Nigeria’s foreign reserves depreciated by $3.84 billion in nine months of 2023 amid foreign exchange intervention by the Central Bank of Nigeria (CBN) and slow growth in global oil prices.
InsideBusinessNG findings show the country’s foreign exchange buffer stood on September 28, 2023, at $33.242 billion from $ 37.083 billion it closed in 2022.
The CBN in its data revealed that foreign reserves closed August 31, 2023 at $33.95 billion, a decline of $3.13 billion or 8.44 per cent from $37.08 billion it opened in 2023, making it decline outcome in two-consecutive months.
InsideBusinessNG gathered that foreign reserves dropped to $36billion in February 2023 and went down further to $35 billion in March 2023. In early June 2023, it depreciated to $34 billion and reached the $33.99 billion mark on July 18, 2023.
With the decline in foreign reserves, data from the Organization of Petroleum Marketing Companies (OPEC), the daily basket price of crude oil stood at $97.48 a barrel as of September 28, from $81.29 per barrel it closed in 2022.
Nigeria’s foreign reserves recently faced divergent opinions on the actual state, given that the CBN only published gross foreign exchange reserves without comprehensive information on foreign exchange liabilities.
Analysts at Cordros Research described the International Monetary Fund (IMF) reserve liabilities as all foreign exchange liabilities to residents and non-residents, including commitments to sell foreign exchange arising from derivatives (such as futures, forwards, swaps, and options) and all credit outstanding from the Fund.
Also, the following are excluded from reserve assets: any assets that are pledged, collateralized, or otherwise encumbered, claims on residents, claims in foreign exchange arising from derivatives in foreign currencies vis-a-vis domestic currency (such as futures, forwards, swaps, and options), precious metals other than gold, assets in nonconvertible currencies, and illiquid assets.
“Based on the methods above and using data from the CBN’s 2022 financial statement, table 1 represents our findings and estimates of (1) Nigeria’s international foreign exchange liquidity position and (2) net foreign reserves as of the end of 2022. In line with the CBN’s guidance, N461.50 against the dollar is the exchange rate we used in converting the naira balances to US dollars.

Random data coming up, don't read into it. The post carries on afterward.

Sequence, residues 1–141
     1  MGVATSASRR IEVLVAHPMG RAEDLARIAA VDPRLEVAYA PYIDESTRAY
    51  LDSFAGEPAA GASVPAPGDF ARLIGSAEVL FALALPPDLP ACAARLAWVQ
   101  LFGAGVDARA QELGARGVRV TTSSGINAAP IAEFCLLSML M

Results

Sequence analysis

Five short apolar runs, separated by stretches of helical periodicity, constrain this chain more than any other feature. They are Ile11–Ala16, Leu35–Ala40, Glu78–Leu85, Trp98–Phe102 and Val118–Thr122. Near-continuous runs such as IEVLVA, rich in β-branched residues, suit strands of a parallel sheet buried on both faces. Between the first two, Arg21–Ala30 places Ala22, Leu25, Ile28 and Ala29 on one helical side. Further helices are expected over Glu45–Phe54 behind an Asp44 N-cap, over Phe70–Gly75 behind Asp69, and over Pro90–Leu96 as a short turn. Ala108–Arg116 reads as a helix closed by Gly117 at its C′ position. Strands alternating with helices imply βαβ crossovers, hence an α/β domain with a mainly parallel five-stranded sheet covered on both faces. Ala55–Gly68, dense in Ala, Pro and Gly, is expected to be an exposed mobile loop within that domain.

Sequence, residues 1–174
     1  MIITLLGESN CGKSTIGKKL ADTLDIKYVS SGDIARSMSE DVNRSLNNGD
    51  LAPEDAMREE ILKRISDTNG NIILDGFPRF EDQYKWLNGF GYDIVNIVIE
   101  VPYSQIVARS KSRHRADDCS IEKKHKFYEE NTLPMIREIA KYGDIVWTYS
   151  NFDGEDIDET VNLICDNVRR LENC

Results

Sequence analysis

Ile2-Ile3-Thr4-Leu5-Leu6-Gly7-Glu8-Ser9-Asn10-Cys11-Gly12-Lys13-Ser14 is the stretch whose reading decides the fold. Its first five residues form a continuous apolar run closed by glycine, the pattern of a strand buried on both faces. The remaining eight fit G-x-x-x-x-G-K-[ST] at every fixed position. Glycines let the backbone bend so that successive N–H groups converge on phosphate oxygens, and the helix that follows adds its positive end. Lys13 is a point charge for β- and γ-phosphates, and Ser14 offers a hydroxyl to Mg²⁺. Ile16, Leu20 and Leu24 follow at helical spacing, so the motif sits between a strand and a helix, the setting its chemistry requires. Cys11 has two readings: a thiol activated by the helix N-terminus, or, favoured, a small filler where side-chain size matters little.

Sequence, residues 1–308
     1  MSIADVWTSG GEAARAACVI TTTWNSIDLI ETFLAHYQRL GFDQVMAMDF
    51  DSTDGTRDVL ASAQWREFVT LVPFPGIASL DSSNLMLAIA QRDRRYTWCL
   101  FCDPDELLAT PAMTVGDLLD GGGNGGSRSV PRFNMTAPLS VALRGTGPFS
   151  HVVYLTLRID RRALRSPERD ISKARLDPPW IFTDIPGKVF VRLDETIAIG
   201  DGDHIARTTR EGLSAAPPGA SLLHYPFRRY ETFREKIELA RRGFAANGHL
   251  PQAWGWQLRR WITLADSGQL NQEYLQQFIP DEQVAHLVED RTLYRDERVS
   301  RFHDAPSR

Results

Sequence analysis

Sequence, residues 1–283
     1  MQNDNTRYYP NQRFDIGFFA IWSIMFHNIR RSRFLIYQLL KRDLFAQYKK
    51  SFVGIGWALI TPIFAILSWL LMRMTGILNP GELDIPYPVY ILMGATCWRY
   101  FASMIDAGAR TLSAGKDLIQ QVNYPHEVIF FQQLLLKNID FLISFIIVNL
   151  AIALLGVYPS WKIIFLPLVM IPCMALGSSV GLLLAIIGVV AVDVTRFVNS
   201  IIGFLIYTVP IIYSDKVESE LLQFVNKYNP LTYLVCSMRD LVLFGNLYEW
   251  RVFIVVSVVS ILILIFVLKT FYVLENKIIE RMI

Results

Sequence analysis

“Based on the analysis above, the CBN’s foreign currency liquidity position is exceptionally lower than gross FX reserves as of the end of 2022. Using gross FX reserves ($ 33.88 billion) as of 10 August and holding the FCD constant, we estimate that the CBN’s liquid reserves are currently at $11.87 billion (or 35.0 per cent of gross foreign exchange reserves as of 10 August),” the report by Cordros Research explained.
According to analysts at Cordros Research, the low international liquidity position clarifies why the CBN’s FX supply to the official windows has been underwhelming in the past three years even when gross FX reserves settled as high as $41.57 billion in September 2021.”
“The significant implication of the low CBN’s international FX liquidity position is that the apex bank’s FX intervention to support the domestic currency will remain underwhelming until there is a significant FX inflow to the CBN and the economy. The preceding will also likely erode foreign investors’ confidence in the economy. Aside from the aforementioned, given that (1) foreign investors have chosen to remain on the sidelines amid the current prohibitively low domestic interest rates and (2) export earnings remain low, we expect the naira to remain on the backfoot and depreciate further against the US dollar in the near term.
The expected lingering exchange rate pressure also implies that domestic inflationary pressures will be sustained over the rest of the year, more so that PMS prices are expected to remain high.
“Given the CBN’s low international foreign currency liquidity position, foreign investors may demand higher yields on Nigeria’s sovereign instruments, making the country’s external borrowing costs remain prohibitively high.”